Xenoblade Chronicles: Definitive Edition Review

These are strange times.

With a pandemic continuing to take hold around the globe and wreaking havoc with gaming’s new release schedules, plans for 2020 have gone out the window. E3 is the most notable gaming name to fall by the wayside, but COVID-19 has forced Nintendo’s hand, too – with no Nintendo Direct presentations full of new games expected any time in the foreseeable future, we find ourselves in a situation where the game Nintendo are looking to in order to fill the summer is… a remaster of a ten-year-old Wii game which, it just so happens, is a JRPG, a genre which is still considerably niche to a Western audience. Fortunately, as far as JRPGs go, Xenoblade Chronicles is one of the most immersive experiences out there.

Shulk wields the power of the Monado like only Dunban could before him.

Xenoblade Chronicles saw its original release in the dying days of the Wii era, and was one of three significant Japanese RPG titles which were the subject of a fan campaign to have heavy-hitting Japan-only titles localised in the West. Termed Operation Rainfall, the campaign proved to be a success – all three of those games crossed the globe, with Pandora’s Tower and The Last Story as the other two. The Xenoblade series is hammered home as one of Nintendo’s signature IPs now, with a follow-up, Xenoblade Chronicles X, getting its own Wii U console bundle (a sure-fire sign of Nintendo’s backing if we ever saw one), and then Xenoblade Chronicles 2 hitting the Switch a few years later. Hell, even the first game’s protagonist Shulk has become a member of the Super Smash Bros. roster and has been given his own amiibo to boot.

While the first game in the series was re-released on both the New 3DS and the Wii U eShop, it’s the Nintendo Switch Definitive Edition which is by far the most accessible. This must be noted early on, as the original game’s difficulty and complicated battling system were enough to put this reviewer off the game some ten years ago. The crucial factor in this is the addition of two new difficulty modes, Casual Mode and Expert Mode. Get smashed by enemies too many times and the game will suggest taking things a little easier – and for those who aren’t too into complex JRPGs, this makes the whole experience far more manageable. Yes, you’ll still die, and probably do so a lot without taking time to churn your way through the levelling system, but it makes all the difference in welcoming the non-die-hards. Expert Mode does the opposite, allowing you to distribute XP amongst the characters as you wish.

This is Fiora, another member of the gang.

So, what’s Xenoblade all about? Well, this is an adventure RPG centring around two colossal and now-petrified life forms, the Bionis and the Mechonis. The two beings fought an epic war which ultimately ended in a tie, leaving their carcasses set in place and allowing entire ecosystems to come into being on their bodies. The Bionis is home to the humanoid Homs race, as well as the angelic High Entia and cream puff-like Nopon, amongst a whole host of other species which roam its wide open areas and caves. Shulk is of the Homs race, and has a close relationship with fellow characters Reyn and Fiora. The inhabitants of Bionis are sworn enemies of the inhabitants of Mechonis, the mechanical beings known as Mechons. Xenoblade Chronicles’ prologue shows the most recent war between the Homs and the Mechons; the main game jumps forward a year to when war hero Dunban nurses an injury and is almost helpless as a sudden Mechon attack strikes his home area of Colony 9.

As a result of the attack, Shulk comes into possession of the Monado, the all-powerful blade which is the only thing the Homs have at their disposal that can do damage to Mechon. The problem? Only a select few are able to wield it, with Dunban the one before. The lengthy story of Xenoblade Chronicles: Definitive Edition focuses heavily on the capabilities of the Monado, with new powers being unlocked along the way and the weapon even taking on new appearances as it becomes more powerful.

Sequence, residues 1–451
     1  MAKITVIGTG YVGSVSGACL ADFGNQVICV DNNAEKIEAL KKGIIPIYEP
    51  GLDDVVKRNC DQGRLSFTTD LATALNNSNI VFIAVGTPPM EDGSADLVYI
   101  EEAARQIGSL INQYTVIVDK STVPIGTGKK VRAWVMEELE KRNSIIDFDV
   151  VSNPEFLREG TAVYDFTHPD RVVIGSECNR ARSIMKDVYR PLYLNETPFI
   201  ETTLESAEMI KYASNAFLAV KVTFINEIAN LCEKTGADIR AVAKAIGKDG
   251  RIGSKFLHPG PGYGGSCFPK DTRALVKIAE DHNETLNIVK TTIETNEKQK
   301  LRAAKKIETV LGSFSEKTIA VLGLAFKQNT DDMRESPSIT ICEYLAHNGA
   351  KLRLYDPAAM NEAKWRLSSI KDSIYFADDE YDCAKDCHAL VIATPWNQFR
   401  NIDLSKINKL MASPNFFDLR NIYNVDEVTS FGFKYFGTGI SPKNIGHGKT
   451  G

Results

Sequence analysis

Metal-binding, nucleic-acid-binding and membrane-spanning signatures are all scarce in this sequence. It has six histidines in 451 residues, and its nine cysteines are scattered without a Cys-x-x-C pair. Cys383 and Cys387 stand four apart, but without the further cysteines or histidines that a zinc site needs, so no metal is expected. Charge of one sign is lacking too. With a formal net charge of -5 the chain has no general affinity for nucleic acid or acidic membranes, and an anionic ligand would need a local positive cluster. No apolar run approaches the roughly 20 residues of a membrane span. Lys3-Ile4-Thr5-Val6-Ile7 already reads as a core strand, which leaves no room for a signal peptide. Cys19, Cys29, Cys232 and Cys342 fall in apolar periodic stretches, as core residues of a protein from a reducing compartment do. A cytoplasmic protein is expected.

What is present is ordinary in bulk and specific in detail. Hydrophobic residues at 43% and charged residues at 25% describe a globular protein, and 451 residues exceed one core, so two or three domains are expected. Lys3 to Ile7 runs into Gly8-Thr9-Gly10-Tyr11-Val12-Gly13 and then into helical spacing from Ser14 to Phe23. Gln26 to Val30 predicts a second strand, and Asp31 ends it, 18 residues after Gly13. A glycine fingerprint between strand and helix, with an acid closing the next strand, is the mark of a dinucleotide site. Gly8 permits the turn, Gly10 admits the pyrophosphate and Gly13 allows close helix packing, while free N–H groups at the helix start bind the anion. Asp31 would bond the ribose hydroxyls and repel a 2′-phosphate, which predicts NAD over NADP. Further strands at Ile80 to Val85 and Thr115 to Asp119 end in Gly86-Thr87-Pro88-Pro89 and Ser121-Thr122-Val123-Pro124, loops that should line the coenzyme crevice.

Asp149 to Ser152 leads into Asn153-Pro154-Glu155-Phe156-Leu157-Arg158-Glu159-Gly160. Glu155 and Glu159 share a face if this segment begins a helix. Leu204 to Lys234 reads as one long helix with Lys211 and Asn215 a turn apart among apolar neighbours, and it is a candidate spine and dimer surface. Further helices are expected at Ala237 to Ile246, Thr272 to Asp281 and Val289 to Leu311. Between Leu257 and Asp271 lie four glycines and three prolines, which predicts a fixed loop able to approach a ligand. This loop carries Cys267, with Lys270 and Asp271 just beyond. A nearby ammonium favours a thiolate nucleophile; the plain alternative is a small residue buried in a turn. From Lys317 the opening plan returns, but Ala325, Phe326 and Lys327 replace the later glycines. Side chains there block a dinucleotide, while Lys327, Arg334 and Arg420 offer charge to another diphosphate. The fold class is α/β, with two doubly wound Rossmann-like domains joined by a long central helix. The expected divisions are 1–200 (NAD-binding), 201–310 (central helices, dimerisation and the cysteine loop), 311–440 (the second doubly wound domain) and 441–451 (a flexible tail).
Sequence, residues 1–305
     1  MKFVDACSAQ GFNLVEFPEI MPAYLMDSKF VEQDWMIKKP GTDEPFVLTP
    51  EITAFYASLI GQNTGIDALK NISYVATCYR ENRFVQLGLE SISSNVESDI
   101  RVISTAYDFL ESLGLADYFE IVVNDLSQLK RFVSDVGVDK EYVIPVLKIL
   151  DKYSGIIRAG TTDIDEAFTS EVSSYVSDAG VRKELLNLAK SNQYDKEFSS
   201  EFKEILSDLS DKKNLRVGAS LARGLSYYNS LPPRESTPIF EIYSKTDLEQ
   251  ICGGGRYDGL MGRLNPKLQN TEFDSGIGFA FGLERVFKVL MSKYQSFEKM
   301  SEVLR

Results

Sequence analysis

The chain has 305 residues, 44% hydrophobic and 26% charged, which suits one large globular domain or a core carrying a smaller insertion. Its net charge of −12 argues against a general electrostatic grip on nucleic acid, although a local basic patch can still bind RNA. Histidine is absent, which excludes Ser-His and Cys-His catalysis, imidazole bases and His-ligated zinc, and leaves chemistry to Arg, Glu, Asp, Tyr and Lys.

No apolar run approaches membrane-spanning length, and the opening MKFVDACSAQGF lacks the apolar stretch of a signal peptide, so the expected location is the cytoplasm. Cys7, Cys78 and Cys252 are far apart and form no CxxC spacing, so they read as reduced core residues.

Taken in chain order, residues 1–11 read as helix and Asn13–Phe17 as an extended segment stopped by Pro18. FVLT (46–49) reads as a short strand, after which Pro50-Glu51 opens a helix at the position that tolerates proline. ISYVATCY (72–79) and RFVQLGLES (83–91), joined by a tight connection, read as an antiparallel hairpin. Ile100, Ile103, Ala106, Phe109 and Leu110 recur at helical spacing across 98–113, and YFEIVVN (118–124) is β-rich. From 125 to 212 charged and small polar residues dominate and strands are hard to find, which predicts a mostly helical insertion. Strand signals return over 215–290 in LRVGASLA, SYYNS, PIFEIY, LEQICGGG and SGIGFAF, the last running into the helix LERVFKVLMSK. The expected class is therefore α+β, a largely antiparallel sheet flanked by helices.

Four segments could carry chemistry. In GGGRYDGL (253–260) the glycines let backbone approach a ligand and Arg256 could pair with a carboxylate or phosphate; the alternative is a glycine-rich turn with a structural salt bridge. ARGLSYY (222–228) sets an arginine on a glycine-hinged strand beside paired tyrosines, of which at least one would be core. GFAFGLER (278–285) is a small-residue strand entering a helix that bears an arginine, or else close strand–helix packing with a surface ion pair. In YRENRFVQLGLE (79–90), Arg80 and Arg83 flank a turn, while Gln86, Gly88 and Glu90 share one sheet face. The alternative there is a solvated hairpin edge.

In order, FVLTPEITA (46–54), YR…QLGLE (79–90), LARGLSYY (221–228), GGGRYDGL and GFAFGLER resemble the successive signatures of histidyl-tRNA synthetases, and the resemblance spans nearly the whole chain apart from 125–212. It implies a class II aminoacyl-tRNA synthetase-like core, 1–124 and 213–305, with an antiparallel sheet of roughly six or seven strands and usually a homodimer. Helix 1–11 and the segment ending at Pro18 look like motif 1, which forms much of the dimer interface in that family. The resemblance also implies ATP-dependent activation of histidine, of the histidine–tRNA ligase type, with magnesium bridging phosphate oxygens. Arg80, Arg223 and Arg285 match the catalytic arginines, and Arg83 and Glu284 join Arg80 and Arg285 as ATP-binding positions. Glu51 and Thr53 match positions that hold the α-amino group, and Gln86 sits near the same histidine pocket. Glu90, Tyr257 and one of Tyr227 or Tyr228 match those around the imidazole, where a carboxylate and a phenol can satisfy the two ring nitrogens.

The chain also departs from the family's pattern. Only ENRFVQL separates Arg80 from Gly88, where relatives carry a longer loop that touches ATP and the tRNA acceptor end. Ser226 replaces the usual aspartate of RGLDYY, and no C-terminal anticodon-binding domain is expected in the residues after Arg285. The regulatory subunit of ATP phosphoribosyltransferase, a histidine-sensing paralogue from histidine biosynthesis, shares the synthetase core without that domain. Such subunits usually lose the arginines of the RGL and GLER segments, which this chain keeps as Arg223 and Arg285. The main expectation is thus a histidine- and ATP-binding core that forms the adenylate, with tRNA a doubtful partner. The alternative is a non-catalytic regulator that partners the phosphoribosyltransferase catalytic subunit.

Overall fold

Melia is a character with big things in her future who joins the team some way into the adventure.

While he’s the only character you can use the Monado with, Shulk isn’t the only playable character. Throughout the adventure, additional characters of different species will come into contact with your group; some will tag along, with a few of them sticking around for good. Your main party of characters, though, will always consist of three of those characters (other than a couple of fleeting story sections), with you in control of one of them. So, you will have to decide which characters complement each other best – with some specialising in dealing damage, others having high HP, and others capable of delivering offence from out of enemies’ reach.

Battling in Xenoblade Chronicles: Definitive Edition feels more intuitive than it was in the original game. You can initiate standard battles yourself by sneaking up on enemies, or enemies will make the first move if they spot your approach (boss battles will start automatically at relevant points in the story). Each character has their own range of special attacks, which are represented by a row of circles at the bottom of the screen. Some might allow for attacking, some for health regeneration and others for powering up stats, so a bit of experimentation is encouraged for getting to grips with all of them.

While the core battling happens in turns and is performed automatically, you are able to move around the battle area and strike the enemy at different points. There’ll be certain positions – like from behind the enemy, or to its sides – where certain attacks will deliver more damage, and this will be indicated by a blue exclamation mark icon appearing on the relevant circle. With Shulk, the circles are multi-layered; the second row displays Monado abilities, which include the super-useful ability to enable all standard weapons to damage Mechon and to greatly increase the Monado’s Mechon-damaging power. Battles are chaotic, with your party of three all taking shots at the enemies, but the likelihood is you won’t even be looking at the action and will instead spend the entire thing watching the circles at the foot of the screen, waiting for them to recharge so you can use them again.